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Stanford EA History and Lessons Learned

Written by Alex Richard.

 

1) Getting Official Approval

 

We had significant trouble getting official approval; it wound up taking us over two years. Lessons learned:

 

  • Be very, very careful about implying (or even hinting) that other groups are less than optimally effective. We may (or may not? memory is difficult) have done so at our first meeting, which left university staff very reluctant to approve us.

  • Check whether your school explicitly desires or opposes affiliation with an outside organization. In our case, we were originally rejected partially because of concerns over our close affiliation with THINK; when we eventually were approved, it was as Stanford EA, not as Stanford THINK. On the other hand, at other schools it might be easier to get approved if you are explicitly an affiliate of a broader organization. You should figure this out before applying- just shoot a quick email to whoever’s in charge of registering new groups.

 

2) Expect Very Low Initial Turnout

 

During its first year of existence, Stanford EA both had very low turnout (never exceeding 4) and only irregular meetings. (We now have regular turnout of ~20-25 and meet twice a week.)

 

  • In my [Alex Richard’s] experience, one of the main reasons local organizations close down is that their founders get discouraged by low initial turnout, go for maybe 4 weekly meetings with just them and 1-2 other people, and then give up.

  • Some people will come once, then never come again; ¼-â…• of people will come once and then come very consistently. Once a few consistent members aside from the original founders join, the group is very likely to survive the next few years. (The next trouble spot will likely be when the original members graduate, which hasn’t occurred at SEA yet.)

  • Crucial for groups’ early survival is that the original founders/founder and first members are or become friends outside of the meetings. This will keep people engaged even when it appears that outreach is not going as well as could be hoped. (Once a decent sized group has regular meetings, this is no longer needed; at our summer meetings most of our original members were elsewhere for the summer, but they’ve still been going fine.)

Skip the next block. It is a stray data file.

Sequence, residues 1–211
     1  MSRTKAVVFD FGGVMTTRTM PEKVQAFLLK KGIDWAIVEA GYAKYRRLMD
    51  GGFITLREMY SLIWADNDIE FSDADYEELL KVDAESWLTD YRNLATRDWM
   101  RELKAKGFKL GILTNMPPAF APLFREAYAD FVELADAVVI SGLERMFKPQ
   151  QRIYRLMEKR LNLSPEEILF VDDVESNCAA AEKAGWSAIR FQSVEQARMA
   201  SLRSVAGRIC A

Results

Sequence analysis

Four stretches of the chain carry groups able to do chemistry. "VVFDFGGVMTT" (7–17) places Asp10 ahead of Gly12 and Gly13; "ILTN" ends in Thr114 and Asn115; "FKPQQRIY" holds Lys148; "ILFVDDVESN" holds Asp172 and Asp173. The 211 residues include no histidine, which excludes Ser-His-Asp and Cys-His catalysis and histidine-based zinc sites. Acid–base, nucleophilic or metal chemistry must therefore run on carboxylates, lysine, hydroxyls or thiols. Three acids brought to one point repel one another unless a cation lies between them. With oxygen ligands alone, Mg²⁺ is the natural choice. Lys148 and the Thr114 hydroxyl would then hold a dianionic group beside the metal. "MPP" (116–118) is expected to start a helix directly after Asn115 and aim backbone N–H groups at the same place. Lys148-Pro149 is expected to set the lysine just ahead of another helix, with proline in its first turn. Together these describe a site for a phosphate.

• I’m not sure how to fix this in general; suggestions include:

    • Lower expectations of initial turnout/clarify that chapter leaders will likely need to wait around 1-2 years until the group is large and self-sustaining-ish

    • Focus more on initial recruitment, to make it more likely that the group gets big and sustainable quickly

      • Not sure if this will work; I feel like our history, the norms we’ve established through trial and error, and our community are important above and beyond the number of individual members. One possibility is to hope that there is shared community at the start, via either LW or people who are already EA’s in an area

 

3) Establish A Regular Meeting That Draws People

 

  • We described ours here; all materials are here

  • Other models: Harvard brings in speakers, Berkeley teaches a class

 

4) Recruitment Methods We’ve Tried

 

  • Relying on personal contacts: Generally low yield, but produced committed people. Was better for us at the start; we eventually basically ran out of easily recruitable and interested people we knew.

  • Posting to EA Forum and LW Meetups list: super effective given the minimal time it takes. We got maybe ¼ of our regular attendees from these posts.

  • Blind emails: Not effective. We ‘recruited’ exactly one person this way.

  • Advertising in-person to interested groups: Effective for us. (e.g. relevant classes, other relevant student groups)

  • General outreach: e.g. sharing our website/mailing list, handing out flyers, etc. Was probably not effective, at least in terms of getting new attendees to our meetings

 

Thanks to Michael Dickens, Caroline Ellison, and Kelsey Piper for providing feedback on this post.

Comments (11)

Comment author: xccf 03 July 2015 11:37:08AM *  5 points [-]